We then used a mouse strain that expresses tamoxifen-inducible Cre gene and showed that high Ctgf expression in an adult is not lethal. With only a moderate dose of tamoxifen, these animals express a four-fold increase in Ctgf mRNA and a nearly two fold increase in CTGF protein abundance in plasma and do no appear to suffer any immediate ill effects. Unlike the low Ctgf expression models where decreases in protein levels paralleled that of mRNA, in the Ctgf Hi/+ there is a two-fold difference between the protein abundance in plasma (1.7-fold increased) and the tissue mRNA gene expression (3.6-fold increased). The discrepancy may be due to the inaccuracy of the method used to quatitate the protein or to unknown regulation at the translational level. The increase in Ctgf mRNA was not as high as in the embryos so a higher tamoxifen dose, or treatment at a younger age, may increase Ctgf expression to a level closer to the nine-fold increase we observe in embryos.

Previous reports have implicated CTGF as a profibrotic signaling molecule leading to the suggestion that reducing Ctgf expression by treatment with a drug or a monoclonal antibody may be a worthwhile therapeutic strategy in treating fibrotic disease [11], [29], [30]. This therapeutic strategy, however, remains largely untested. The lack of overt fibrotic phenotype in histological analysis of the Ctgf Hi/+ survivors and the externally normal phenotype of the tamoxifen treated Ctgf Hi/+ animals suggests that genetically increasing Ctgf expression by itself is not sufficient to cause fibrosis. This is consistent with a report which showed that exogenous application of CTGF to the skin alone is not sufficient to cause fibrosis [50]. Transgenic mice overexpressing Ctgf in cardiomyocytes [19], kidney podocytes [20], and hepatocytes [21] show no spontaneous fibrosis of tissue while transgenic mice overexpressing Ctgf in lung respiratory epithelial cells [22], and fibroblasts [23] show abnormal thickening of the alveolar septa or dermis and fibrotic alterations [22], [23]. However, fibrosis in the lung-specific model is a largely development-related phenotype [22] and in the fibroblast-specific model the in vivo level of Ctfg expression was not established [23], so these results may differ from ours because of differences in levels of Ctgf expression or that the transgene is not responsive to normal transcriptional regulation of the Ctgf allele at the endogenous locus. Altogether, the current literature does not preclude a role for CTGF in fibrotic disease, but it suggests that activation of other factors or the application of stress may be required in addition to Ctgf overexpression in order to cause fibrosis.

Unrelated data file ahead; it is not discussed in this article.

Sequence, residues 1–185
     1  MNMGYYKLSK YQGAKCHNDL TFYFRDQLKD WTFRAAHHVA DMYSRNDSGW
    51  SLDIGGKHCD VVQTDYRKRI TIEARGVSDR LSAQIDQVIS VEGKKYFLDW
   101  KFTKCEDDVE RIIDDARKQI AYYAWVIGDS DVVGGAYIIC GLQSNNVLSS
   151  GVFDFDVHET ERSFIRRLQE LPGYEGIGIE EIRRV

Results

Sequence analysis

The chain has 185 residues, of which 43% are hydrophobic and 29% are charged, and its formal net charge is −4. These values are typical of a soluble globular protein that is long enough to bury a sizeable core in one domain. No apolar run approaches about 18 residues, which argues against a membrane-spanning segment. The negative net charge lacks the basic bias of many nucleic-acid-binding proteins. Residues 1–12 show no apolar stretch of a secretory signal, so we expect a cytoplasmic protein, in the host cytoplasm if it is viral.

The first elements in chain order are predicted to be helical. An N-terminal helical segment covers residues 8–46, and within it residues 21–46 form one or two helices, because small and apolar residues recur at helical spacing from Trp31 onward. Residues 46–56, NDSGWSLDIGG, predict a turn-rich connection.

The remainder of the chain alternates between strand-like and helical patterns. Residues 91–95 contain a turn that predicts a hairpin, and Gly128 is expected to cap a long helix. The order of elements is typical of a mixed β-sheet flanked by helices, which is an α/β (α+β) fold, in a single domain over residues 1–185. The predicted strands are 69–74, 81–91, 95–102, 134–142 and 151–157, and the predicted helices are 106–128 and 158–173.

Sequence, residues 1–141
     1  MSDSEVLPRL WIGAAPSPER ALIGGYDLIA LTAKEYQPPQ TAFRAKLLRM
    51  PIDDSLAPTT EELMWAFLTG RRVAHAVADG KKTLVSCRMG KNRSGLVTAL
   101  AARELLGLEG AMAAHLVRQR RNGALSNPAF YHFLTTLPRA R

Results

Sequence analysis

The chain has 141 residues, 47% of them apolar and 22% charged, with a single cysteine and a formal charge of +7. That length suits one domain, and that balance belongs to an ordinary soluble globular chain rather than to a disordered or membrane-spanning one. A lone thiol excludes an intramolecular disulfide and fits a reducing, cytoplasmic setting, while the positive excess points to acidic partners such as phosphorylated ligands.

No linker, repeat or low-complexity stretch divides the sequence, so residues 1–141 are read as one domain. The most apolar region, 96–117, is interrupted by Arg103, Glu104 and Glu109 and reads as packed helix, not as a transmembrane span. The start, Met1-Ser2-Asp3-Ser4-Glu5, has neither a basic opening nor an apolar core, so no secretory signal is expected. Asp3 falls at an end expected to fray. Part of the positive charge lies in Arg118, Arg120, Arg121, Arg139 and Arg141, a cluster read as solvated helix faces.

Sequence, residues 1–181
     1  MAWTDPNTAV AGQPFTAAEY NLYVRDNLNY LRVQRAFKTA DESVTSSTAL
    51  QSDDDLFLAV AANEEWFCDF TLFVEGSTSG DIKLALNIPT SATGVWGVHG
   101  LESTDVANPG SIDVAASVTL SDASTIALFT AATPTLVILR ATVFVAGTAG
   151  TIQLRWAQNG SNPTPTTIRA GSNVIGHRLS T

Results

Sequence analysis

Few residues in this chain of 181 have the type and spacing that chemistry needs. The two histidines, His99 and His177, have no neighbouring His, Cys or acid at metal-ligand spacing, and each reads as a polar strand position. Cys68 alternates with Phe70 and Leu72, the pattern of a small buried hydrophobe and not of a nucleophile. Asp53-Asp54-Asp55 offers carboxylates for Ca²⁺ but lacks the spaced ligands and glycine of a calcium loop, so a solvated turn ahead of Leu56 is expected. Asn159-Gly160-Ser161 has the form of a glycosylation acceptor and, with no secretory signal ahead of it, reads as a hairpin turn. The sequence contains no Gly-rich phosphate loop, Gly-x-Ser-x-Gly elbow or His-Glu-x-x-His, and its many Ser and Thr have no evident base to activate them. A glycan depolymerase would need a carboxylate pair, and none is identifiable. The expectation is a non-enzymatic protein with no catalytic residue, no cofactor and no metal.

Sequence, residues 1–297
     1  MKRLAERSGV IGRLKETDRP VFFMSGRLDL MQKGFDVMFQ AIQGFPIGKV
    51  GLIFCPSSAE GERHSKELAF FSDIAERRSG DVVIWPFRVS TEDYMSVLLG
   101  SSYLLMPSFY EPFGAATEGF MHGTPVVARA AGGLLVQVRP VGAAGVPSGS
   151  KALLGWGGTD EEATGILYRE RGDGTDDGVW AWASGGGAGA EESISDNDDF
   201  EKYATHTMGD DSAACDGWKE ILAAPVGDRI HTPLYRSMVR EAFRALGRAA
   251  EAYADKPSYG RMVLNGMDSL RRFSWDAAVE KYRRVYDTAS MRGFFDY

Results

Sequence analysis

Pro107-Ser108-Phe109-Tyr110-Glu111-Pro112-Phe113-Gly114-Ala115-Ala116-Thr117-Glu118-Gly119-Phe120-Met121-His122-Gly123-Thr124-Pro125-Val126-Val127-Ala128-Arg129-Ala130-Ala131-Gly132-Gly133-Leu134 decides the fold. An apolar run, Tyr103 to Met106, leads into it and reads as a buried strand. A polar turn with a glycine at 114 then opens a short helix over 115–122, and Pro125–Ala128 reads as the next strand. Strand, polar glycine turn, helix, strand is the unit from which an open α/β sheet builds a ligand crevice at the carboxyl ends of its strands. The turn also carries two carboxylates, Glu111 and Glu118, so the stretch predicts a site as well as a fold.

Increased Ctgf expression has been observed in conjunction with fibrotic pathology in a number of organs and disease conditions. However, an unequivocal role for Ctgf as a causal factor in pathological fibrosis remains questionable. An allelic series with a wide range of genetically altered Ctgf gene expression provides a tool to test, the effectiveness of reducing Ctgf expression, in vivo, to prevent fibrotic disease and determining if increased expression of Ctgf is causal in fibrotic disease. In addition, by generating mouse lines with varying Ctgf expression using the endogenous locus, the function of Ctgf in fibrotic disease can be tested more effectively.